Oregon extends March run with upset over 5th-seeded Wisconsin
SAN JOSE, Calif. — Oregon was stumbling toward the end of a disappointing season until a strong turnaround led the Ducks to the Pac-12 title and an NCAA Tournament bid.
Oregon is not looking to slow down any time soon.
Payton Pritchard scored 19 points, Kenny Wooten protected the rim with four blocks and 12th-seeded Oregon extended its surprising March run by beating No. 5 seed Wisconsin, 72-54, on Friday in the first round of the NCAA Tournament.
“It showed everybody today, it wasn’t a fluke,” Pritchard said. “We’re here to play. We’re here to win it.”
The Ducks (24-12) won four games in four days last week just to make the NCAAs, then followed it with an impressive victory over a higher-seeded opponent. Oregon advanced to play No. 13 seed UC Irvine (31-5) on Sunday in the second round of the South Region.
Louis King added 17 points, Paul White scored all 14 points of his points in the second half and Wooten had nine points, six rebounds and the tone-setting blocks to give the Ducks their ninth straight win.
“To see them come like this and have so much fun, that’s why we coach, just to see guys get together and have fun and play their tails off,” coach Dana Altman said. “That’s what they’re doing right now.”
Ethan Happ and Khalil Iverson scored 14 points each to lead the Badgers (23-11).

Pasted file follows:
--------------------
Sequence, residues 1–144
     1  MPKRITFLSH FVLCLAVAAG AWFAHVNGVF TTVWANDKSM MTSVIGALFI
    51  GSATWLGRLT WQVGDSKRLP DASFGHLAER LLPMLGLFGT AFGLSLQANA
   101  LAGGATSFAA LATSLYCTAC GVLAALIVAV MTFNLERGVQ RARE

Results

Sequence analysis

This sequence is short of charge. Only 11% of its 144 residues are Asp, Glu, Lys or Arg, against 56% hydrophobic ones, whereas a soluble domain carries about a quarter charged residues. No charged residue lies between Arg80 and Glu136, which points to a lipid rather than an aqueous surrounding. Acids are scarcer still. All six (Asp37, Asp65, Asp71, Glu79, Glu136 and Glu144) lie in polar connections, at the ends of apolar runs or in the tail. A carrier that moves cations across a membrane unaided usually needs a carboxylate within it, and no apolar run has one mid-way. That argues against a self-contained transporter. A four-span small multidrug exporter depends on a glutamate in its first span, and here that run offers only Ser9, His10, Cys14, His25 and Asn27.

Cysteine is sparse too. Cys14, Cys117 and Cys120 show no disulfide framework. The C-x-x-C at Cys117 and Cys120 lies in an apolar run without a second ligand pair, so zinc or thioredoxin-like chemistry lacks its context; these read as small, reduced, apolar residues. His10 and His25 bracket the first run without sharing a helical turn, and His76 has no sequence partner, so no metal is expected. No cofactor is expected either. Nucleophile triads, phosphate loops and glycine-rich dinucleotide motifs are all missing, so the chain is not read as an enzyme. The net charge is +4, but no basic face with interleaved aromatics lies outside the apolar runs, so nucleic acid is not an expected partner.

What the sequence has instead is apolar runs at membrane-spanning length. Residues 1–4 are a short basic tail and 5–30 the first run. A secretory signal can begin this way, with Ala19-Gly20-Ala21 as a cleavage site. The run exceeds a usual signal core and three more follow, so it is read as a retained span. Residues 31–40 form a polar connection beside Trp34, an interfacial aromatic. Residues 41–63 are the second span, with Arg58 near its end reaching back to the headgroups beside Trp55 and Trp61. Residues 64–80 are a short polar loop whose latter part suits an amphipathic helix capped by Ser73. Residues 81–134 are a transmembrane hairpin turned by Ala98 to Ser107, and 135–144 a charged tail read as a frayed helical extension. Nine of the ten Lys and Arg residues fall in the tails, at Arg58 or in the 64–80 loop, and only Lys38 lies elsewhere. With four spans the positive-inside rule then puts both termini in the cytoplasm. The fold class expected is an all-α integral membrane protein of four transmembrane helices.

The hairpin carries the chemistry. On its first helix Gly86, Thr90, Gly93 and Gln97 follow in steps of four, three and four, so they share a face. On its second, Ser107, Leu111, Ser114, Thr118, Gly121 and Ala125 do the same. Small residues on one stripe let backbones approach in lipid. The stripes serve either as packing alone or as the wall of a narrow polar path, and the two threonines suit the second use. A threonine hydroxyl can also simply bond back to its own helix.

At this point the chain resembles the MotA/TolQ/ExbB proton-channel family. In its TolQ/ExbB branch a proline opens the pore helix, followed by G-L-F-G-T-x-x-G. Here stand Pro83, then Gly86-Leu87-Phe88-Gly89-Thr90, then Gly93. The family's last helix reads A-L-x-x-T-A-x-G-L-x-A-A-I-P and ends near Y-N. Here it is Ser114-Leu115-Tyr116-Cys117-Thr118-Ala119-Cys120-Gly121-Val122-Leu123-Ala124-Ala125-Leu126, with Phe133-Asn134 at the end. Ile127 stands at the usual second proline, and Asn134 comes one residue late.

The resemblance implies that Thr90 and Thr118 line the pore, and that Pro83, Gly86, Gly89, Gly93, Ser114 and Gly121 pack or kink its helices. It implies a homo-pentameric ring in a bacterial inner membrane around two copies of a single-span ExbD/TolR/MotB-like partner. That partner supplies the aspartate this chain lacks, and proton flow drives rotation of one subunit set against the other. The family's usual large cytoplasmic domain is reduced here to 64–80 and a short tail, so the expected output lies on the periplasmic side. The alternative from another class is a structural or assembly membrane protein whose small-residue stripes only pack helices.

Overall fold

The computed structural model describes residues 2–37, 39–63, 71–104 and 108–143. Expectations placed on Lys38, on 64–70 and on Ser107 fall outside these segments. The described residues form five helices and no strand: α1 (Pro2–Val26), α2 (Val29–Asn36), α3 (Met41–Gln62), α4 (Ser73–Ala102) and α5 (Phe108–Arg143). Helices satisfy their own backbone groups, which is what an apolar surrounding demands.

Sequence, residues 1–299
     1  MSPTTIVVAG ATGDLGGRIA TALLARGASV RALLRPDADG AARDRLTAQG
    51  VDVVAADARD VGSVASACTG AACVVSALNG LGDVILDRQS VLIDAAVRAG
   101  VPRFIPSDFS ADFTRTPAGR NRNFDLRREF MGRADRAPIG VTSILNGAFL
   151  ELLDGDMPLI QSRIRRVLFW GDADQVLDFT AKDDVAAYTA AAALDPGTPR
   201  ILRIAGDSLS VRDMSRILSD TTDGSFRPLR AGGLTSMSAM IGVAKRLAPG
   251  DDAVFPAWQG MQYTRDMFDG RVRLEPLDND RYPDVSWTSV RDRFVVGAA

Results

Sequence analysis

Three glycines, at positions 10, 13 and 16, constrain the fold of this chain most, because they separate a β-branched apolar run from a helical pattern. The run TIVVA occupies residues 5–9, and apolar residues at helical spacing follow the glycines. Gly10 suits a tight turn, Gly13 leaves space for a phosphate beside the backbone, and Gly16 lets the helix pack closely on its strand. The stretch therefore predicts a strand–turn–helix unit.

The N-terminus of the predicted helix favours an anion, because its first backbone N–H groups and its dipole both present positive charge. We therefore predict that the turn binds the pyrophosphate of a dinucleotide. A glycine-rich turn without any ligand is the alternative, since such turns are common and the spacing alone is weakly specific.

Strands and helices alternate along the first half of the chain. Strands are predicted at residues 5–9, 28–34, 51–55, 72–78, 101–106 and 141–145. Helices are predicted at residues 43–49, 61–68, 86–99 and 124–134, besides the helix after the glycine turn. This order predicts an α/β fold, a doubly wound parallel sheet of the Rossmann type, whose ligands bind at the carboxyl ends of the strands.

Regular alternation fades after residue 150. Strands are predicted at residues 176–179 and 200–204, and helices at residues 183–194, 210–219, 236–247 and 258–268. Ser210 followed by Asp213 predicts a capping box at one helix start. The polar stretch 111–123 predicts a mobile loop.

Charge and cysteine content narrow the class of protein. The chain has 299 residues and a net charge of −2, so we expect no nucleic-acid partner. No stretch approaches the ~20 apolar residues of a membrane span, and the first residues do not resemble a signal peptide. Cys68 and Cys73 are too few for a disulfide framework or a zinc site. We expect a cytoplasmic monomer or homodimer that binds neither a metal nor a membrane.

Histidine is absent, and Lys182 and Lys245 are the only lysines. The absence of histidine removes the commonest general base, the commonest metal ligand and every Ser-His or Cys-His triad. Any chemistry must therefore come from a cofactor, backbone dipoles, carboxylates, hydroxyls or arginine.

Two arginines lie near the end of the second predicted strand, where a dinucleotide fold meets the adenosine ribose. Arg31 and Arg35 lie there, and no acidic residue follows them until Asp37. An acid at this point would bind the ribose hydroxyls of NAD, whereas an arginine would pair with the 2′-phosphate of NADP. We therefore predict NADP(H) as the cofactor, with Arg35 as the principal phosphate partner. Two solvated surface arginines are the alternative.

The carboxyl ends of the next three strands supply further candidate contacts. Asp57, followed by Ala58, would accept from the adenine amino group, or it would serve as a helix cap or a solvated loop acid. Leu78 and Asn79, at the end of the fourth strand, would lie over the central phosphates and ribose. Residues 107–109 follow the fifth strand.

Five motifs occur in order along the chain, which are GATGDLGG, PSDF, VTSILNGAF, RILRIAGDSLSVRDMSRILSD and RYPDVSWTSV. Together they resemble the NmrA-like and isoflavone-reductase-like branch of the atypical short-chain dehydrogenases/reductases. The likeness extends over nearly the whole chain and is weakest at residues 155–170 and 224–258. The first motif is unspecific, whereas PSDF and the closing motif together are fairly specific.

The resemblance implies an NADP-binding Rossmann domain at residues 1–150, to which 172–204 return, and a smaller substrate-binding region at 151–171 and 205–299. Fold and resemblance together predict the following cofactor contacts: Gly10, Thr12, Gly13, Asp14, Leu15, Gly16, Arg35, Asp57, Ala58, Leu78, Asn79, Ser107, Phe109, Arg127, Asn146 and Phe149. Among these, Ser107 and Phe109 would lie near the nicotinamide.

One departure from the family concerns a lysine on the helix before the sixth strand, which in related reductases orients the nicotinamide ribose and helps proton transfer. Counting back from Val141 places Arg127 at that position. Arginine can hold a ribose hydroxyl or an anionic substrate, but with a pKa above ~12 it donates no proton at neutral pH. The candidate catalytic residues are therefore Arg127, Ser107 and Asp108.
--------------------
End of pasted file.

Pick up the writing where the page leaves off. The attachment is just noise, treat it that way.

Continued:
The game was tied early in the second half when the Ducks used their athleticism to take over. Wooten scored on back-to-back dunks, and White followed with a 3-pointer as the shot clock expired to make it 42-35.
White then blocked a shot by Happ on one end and converted on an impressive alley-oop pass from Pritchard on the other to make it 46-37 with 12:31 to play.
The Badgers tried to cut into that deficit, but King made a 3-pointer and two free throws to build the lead to 10 points with less than five minutes to play. Wooten then put the exclamation point on the victory with two blocks on one trip before Pritchard’s layup made it 59-47, and the rout was on.
Wisconsin coach Greg Gard lamented a poor seven-minute stretch for the Badgers but was proud of his squad for making the tournament a year after the Badgers missed the field.
“It doesn’t tarnish. It stings for a while, but it doesn’t tarnish what this group accomplished to get to this point,” Gard said.
The Ducks shot 70.8 percent from the floor in the second half and made five of their six tries from 3-point range. On the defensive end, they held Wisconsin to 30.6 percent shooting and just 4 of 19 from 3-point range.